Today, the United States Supreme Court unanimously ruled in Association for Molecular Pathology v. Myriad Genetics, Inc., No. 12-398, that a naturally-occurring DNA segment (or gene) is not patent eligible even if it has been isolated from a genome (reversing the Federal Circuit). The Court also ruled that cDNA (complementary DNA) is patent eligible because it is not naturally occurring (affirming the Federal Circuit). Justice Thomas wrote the opinion for the unanimous Court, and Justice Scalia wrote a short concurrence. We have been following this case for some time (see here, here, and here).
The Court began by restating its position that laws of nature, natural phenomena, and abstract ideas are not patentable subject matter under 35 U.S.C. § 101.
The question for the Court was whether Myriad’s patents claimed any new and useful composition of matter.
To answer this question, the Court looked at what Myriad claimed. With respect to the DNA claims, Myriad claimed the DNA segment it found in nature, and it did not change or alter any of the genetic information in that segment. Because it claimed something naturally found in nature, it was not patent eligible subject matter.
With respect to the cDNA claims, the Court reached a different result. The cDNA is not found in nature, but is created in the laboratory. This key difference meant that it was patent eligible subject matter. The Court did not address whether these claims met the other requirements of the patent statute, such as §§ 102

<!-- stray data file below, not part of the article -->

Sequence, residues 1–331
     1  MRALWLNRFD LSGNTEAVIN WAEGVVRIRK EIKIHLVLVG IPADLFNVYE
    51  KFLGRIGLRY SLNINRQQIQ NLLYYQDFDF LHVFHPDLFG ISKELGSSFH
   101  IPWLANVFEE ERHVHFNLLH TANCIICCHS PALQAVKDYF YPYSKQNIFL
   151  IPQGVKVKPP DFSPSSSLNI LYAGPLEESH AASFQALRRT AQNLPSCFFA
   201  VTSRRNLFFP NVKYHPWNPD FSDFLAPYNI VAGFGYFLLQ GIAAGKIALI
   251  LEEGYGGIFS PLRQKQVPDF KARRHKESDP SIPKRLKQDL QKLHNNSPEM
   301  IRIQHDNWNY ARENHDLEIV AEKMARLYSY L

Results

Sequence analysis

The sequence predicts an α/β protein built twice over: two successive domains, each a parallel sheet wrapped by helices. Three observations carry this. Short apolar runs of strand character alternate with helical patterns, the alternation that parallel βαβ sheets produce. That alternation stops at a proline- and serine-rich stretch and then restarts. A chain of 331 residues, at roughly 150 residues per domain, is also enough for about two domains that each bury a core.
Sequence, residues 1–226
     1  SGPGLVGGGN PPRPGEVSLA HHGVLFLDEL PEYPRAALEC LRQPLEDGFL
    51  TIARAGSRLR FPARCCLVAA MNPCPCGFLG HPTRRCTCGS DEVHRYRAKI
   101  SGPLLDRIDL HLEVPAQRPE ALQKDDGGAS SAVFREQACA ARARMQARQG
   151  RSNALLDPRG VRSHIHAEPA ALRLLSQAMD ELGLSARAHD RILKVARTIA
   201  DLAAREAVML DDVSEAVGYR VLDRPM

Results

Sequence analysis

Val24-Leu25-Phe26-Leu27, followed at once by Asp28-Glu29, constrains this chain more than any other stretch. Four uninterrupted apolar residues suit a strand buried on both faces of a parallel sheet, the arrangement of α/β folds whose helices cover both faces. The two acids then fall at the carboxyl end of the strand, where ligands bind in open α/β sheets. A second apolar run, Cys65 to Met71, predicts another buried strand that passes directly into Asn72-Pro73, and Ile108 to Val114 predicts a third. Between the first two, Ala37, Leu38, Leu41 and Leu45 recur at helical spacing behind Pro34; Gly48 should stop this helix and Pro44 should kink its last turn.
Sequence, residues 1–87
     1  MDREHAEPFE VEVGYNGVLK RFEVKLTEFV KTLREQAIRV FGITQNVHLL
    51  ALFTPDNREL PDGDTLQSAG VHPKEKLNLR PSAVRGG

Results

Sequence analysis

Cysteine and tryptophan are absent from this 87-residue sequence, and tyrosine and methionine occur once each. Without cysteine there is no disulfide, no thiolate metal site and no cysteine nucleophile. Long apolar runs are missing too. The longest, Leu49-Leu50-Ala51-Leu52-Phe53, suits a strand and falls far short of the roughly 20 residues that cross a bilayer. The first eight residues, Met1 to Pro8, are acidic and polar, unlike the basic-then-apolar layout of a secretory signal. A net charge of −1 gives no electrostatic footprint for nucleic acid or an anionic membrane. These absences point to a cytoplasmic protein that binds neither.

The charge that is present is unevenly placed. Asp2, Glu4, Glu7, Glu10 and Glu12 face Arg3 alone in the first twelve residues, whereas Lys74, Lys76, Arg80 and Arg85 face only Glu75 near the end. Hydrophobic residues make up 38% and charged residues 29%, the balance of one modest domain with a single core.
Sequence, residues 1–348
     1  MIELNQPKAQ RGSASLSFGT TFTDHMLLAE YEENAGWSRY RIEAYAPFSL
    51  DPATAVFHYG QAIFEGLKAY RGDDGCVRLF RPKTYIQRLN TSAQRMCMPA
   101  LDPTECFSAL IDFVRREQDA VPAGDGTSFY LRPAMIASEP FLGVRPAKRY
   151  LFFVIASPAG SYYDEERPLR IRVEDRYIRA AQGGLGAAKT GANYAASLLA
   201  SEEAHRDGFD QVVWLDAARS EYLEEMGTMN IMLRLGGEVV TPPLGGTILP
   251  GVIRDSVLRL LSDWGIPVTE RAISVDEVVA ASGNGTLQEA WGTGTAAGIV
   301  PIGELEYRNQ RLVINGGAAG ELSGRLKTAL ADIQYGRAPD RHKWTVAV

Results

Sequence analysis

, and 112
The Court was also very clear on what it was not deciding in this case. There were no method claims at issue, such as an innovative method for manipulating genes. Similarly, there were no claims directed to how this new knowledge might be applied to achieve some useful result. The Court suggested (without holding) that those types of claims would be patent eligible. Finally, it noted that the claims were not directed to naturally occurring genetic code that had been altered to create some new and not natural DNA. The Court refused to suggest how it might address claims like those.
In the end, the Court stated that “[w]e merely hold that genes and the information they encode are not patent eligible under § 101 simply because they have been isolated from the surrounding genetic material.”
This blog was originally posted by Robert Wagner on June 13 on the PIT IP Tech Blog, An Intellectual Property and Technology Law Blog from the Pittsburgh Law Firm of Picadio Sneath Miller & Norton, P.C. Click here
to see the original post.